Mere smell of food may make you fat

Mere smell of food may make you fat

A mouse's sense of smell might be a contributing factor in its weight gain and loss.

When a mouse can't smell its food, it thinks it has eaten more than it has, triggering more energy use.

The team also found that mice with a boosted sense of smell - super-smellers - got even fatter on a high-fat diet than did mice with normal smell. Losing the ability to smell also caused a different group of already-obese mice to lose weight, the researchers reveal today in Cell Metabolism.

But before you consider turning this information into a new weight-loss concept, beware: it's unclear whether humans would arrive at the same results as the mice. Once food is secured, the body feels free to burn it. They did so by studying both lean and fat mice, whose olfactory sensory nerves had been temporarily destroyed. The mice turned their beige fat cells - the subcutaneous fat storage cells that accumulate around our thighs and midriffs - into brown fat cells, which burn fatty acids to produce heat.

Under these stressful conditions, the body energizes itself by triggering a release of catecholamines, or adrenaline, 'which is known to turn on this brown-fat-burning program, ' says Professor Dillin. In the group on the high-fat diet, however, the mice that couldn't smell weighed 16% less than animals that could, which became obese.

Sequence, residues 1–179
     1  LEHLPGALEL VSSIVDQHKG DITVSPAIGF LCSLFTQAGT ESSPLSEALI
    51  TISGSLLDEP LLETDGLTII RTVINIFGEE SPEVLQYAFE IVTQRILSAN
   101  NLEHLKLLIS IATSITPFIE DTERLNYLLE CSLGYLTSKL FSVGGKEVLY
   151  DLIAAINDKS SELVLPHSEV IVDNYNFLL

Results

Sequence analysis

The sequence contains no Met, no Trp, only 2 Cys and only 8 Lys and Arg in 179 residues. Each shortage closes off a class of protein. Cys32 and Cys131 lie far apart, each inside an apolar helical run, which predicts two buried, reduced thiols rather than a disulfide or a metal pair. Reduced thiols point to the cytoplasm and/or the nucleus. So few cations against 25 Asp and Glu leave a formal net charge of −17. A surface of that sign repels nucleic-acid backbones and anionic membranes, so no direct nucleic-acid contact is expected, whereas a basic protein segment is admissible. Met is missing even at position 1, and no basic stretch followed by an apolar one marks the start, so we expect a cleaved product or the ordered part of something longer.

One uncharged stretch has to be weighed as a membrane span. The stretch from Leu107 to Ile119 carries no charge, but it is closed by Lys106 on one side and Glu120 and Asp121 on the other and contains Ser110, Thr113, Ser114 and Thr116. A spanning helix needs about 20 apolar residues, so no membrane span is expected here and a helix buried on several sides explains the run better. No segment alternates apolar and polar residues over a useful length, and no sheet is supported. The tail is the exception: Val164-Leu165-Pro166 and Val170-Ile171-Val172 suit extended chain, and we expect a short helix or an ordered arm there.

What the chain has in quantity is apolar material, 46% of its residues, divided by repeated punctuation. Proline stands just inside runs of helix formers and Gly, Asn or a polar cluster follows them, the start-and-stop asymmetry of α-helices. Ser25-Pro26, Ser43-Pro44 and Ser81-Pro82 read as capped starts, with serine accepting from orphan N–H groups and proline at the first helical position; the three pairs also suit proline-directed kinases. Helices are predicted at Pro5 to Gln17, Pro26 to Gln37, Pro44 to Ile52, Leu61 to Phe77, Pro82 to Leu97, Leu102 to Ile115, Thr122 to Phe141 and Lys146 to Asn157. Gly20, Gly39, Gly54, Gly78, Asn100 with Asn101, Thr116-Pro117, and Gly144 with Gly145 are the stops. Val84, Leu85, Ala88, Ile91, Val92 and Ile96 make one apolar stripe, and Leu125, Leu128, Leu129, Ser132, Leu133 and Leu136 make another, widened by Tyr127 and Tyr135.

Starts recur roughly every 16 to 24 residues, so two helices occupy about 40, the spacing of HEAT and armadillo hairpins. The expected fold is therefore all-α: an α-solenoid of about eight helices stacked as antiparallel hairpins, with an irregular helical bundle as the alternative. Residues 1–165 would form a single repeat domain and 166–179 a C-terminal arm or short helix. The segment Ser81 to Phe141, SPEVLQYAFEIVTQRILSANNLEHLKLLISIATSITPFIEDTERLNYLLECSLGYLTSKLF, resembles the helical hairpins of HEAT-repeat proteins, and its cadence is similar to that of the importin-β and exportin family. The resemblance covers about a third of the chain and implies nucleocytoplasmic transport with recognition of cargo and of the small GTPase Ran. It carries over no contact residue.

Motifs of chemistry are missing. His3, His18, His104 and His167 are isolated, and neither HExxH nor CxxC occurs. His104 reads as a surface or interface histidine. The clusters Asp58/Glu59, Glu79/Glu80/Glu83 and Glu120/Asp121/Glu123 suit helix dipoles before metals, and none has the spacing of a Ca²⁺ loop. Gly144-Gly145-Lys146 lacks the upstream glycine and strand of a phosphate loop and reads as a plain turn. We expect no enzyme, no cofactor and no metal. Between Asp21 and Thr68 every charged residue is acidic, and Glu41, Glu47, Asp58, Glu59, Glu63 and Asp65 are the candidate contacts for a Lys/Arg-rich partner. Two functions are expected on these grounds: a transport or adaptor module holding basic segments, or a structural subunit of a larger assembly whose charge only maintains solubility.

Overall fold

On the negative side, the loss of smell was accompanied by a large increase in levels of the hormone noradrenaline, which is a stress response tied to the sympathetic nervous system.

"That would be unbelievable", Dillin noted. This suppressed the mice's sense of smell.

The reverse is true for mice engineered to be "super-smellers".

Instead, the researchers determined, they stayed svelte because they burned more calories, especially in their brown fat.

At the end of the tests, these latter had mostly doubled their initial weight.

"It's one of the most interesting discoveries to come out of my lab", author Andrew Dillin exclaimed. Then they fed the animals either a normal diet or one made up of fatty foods - at least among mice - that generally lead to obesity. These mice lost only fat weight, with no effect on muscle, organ or bone mass.

The work was supported by the Howard Hughes Medical Institute, the Glenn Center for Research on Aging and the American Diabetes Association.